Employee/volunteer theft are more prevalent than many realize
Sports and recreation organizations can have significant assets at risk from the traditional employee or volunteer embezzlement and the modern perils of electronic fraud. Most sports organizations are not properly insured for these exposures and don’t have adequate risk management controls in place.
The Commercial Crime policy form (ISO CR 00 20 05 06 and CR 00 21 05 06) offers the following coverage parts that may be individually purchased:
Employee Dishonesty Provides coverage for employee theft of money, securities, or other property such as equipment. Employees are defined as regular employees, temporary workers, leased workers, trustees of employee benefit plans, interns, managers, directors, or trustees.
If applicable, it is critical that sports and recreation organizations request special endorsements to extend coverage to theft from volunteers, non-compensated officers and members of specified committees, specified directors and trustees on committees, partners, LLC members, computer software contractors, agents, brokers, or independent contractors.
It is also important to purchase Employee Dishonesty coverage on a blanket basis that protects against theft from all employees or others in a designated class as opposed to specified employees or others who must be individually named on the policy. Sports and recreation organizations experience a high rate of personnel turnover. It’s not uncommon for an organization to fail to update the list of specified employees.
Forgery and Alternation Provides coverage for forgery or alteration of a check, draft, or promissory note drawn against the insured’s accounts.
Money and Securities Provides coverage for theft, disappearance, or destruction of money and securities from either inside the premises/banking premises or outside the premises. Coverage may also be extended to robbery or safe burglary of other property.
Computer Fraud Provides coverage for financial loss due hacker access effecting a fraudulent transaction. An example of computer fraud occurs when company A sells services to company B. An employee of company B hacks into the computer of company A and changes the bank routing and account numbers. The next time a payment is made for services, the funds are fraudulently transferred to the employee instead of company A. According to a 2008 survey by Computer Security Institute, the average financial loss due to computer fraud was $289,000.
Electronic Funds Transfer Fraud Provides coverage for financial loss due to a hacker access to a financial institution, accessing an online account, and circumventing normal online authentication controls to affect a fraudulent wire transfer. An example of this type of fraud occurs when a hacker gains bank account and password information by planting a Trojan virus in an email attachment sent to a company bookkeeper. When the attachment is opened, a keyword logger is launched that secretly obtains account and password information. The hacker accesses the online banking system and completes a fraudulent electronic wire transfer. According to a 2008 survey by Computer Security Institute, the average financial loss due to funds transfer fraud was $500,000.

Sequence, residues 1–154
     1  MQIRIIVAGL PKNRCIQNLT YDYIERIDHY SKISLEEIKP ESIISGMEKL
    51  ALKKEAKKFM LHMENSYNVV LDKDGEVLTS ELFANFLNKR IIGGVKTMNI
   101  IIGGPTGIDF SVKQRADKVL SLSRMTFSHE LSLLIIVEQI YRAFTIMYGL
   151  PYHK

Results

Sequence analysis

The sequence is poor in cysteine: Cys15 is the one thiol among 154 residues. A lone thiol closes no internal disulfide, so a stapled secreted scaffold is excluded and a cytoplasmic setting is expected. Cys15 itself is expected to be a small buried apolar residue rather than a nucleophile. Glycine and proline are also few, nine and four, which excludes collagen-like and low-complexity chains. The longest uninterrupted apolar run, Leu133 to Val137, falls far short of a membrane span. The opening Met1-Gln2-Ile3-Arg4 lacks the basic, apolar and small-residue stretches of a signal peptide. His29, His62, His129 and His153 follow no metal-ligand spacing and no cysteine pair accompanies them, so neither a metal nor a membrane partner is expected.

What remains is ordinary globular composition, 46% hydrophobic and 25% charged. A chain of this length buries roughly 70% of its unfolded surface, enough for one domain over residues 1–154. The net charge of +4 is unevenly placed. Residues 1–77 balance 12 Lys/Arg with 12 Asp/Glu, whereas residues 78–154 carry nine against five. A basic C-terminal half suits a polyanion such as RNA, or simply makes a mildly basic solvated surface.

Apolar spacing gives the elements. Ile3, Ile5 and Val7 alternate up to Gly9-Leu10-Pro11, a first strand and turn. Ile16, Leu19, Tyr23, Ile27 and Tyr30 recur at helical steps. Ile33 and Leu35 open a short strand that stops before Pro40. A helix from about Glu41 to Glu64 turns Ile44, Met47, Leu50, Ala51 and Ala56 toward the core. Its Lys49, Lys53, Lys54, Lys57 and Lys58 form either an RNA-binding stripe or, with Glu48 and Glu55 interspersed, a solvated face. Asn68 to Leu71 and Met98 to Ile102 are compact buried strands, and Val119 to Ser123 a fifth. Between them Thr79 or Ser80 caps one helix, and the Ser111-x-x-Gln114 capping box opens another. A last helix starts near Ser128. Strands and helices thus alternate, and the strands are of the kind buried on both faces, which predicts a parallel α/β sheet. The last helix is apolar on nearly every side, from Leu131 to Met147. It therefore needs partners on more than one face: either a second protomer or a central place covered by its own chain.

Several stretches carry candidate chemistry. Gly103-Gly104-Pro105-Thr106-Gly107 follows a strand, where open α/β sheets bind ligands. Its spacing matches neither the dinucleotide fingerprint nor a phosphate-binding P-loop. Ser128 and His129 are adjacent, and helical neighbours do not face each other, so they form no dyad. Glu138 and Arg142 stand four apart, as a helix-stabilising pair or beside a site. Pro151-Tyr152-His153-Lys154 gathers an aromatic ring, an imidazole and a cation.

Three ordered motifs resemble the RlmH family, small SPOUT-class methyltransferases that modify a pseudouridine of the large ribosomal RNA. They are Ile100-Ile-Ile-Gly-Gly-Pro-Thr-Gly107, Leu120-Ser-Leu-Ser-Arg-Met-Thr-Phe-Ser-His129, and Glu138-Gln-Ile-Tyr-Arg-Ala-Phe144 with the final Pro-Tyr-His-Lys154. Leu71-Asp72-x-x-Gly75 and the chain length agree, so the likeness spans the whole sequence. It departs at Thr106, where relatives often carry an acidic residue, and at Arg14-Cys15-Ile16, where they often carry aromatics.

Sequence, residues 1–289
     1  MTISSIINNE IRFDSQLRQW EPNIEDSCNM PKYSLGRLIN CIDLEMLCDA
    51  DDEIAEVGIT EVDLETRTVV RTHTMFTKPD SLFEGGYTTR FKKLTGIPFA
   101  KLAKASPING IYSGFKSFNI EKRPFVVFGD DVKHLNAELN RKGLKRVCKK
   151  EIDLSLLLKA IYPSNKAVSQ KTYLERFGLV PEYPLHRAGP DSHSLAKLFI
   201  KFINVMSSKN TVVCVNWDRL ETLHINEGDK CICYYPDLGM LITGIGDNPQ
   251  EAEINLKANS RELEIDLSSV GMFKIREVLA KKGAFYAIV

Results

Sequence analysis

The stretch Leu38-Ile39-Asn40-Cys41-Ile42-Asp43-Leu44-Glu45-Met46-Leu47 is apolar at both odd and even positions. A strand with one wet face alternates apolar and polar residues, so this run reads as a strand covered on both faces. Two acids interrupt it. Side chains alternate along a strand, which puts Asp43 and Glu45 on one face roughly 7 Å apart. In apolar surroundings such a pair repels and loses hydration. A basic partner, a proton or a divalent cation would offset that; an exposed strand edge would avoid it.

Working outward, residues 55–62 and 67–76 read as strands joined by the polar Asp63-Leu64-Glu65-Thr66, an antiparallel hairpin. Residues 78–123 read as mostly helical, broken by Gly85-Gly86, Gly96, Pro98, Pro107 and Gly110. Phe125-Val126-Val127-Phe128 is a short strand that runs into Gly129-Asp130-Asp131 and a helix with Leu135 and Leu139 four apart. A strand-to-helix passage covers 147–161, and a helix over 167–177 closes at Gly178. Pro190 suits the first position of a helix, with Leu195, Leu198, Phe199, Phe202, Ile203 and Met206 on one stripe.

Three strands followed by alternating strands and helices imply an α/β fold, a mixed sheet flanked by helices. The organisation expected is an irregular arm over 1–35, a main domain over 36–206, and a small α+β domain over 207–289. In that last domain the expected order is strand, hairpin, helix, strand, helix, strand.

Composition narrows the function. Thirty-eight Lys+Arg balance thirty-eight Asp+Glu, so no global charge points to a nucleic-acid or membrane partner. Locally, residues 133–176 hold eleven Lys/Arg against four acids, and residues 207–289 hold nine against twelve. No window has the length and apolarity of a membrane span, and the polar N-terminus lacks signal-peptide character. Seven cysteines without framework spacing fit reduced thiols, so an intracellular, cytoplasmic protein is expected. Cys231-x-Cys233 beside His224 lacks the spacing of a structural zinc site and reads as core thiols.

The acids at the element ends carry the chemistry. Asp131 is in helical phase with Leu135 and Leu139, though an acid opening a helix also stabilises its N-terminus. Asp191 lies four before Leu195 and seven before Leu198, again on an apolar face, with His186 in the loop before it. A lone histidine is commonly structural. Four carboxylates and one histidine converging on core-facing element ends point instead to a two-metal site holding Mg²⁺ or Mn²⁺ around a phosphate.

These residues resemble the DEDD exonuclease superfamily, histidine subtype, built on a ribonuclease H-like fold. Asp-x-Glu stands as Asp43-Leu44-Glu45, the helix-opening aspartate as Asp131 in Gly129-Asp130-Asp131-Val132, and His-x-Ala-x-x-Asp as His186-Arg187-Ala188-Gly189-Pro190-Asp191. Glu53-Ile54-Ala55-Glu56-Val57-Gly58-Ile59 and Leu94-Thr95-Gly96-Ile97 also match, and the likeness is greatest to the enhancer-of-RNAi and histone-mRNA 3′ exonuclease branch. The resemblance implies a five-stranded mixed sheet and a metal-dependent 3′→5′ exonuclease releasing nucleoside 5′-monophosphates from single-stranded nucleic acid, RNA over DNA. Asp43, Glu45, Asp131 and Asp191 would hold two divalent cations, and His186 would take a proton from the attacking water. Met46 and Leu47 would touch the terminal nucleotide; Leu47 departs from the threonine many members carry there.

Money Orders and Counterfeiting Provides coverage due to loss by good faith acceptance of money orders that are not honored or counterfeit money.
Traditional Crime Risk Management Controls
Many smaller organizations are not run as serious businesses and as a result don’t have strong risk management controls to protect against employee and volunteer dishonesty. The key to preventing insider dishonesty is separation of duties so that no single person has total control over any one process or audit procedure. Below are recommended controls:
- Require a countersignature on all checks or on checks over a certain amount.
- The person who reconciles the bank account should not be authorized to deposit or withdraw funds.
- If credit cards or debit cards are used, authorized users should not be tasked with reviewing the monthly statements.
- Keep detailed inventory records of all equipment and require a log to be maintained when equipment is assigned or checked out.
- Create an audit committee to review all financial records, account statements, and to take an inventory of all equipment.
- Collect checks instead of cash during fundraisers.
Electronic Crime Risk Management Controls
Pfishing scams, Trojans, key loggers, and similar techniques allow hackers to gain access to online banking transactions and to circumvent standard online authentication controls. Internal controls such as antivirus software, firewalls, and employee training are critical but don’t offer 100 percent protection. Computer Fraud and Electronic Funds Transfer Fraud coverages are strongly recommended.
Get a Quote
Contact Sadler Sports & Recreation Insurance at 800-622-7370 for a Crime Insurance quote. We have an existing Crime Insurance program available for smaller, locally-based organizations for as little as $175, which includes coverage for Employee Dishonesty, Forgery and Alteration, and Theft of Money and Securities. Larger sanctioning and governing bodies will be asked to complete an application that outlines your financial risk management practices and we will be able to provide a proposal within several days in most cases.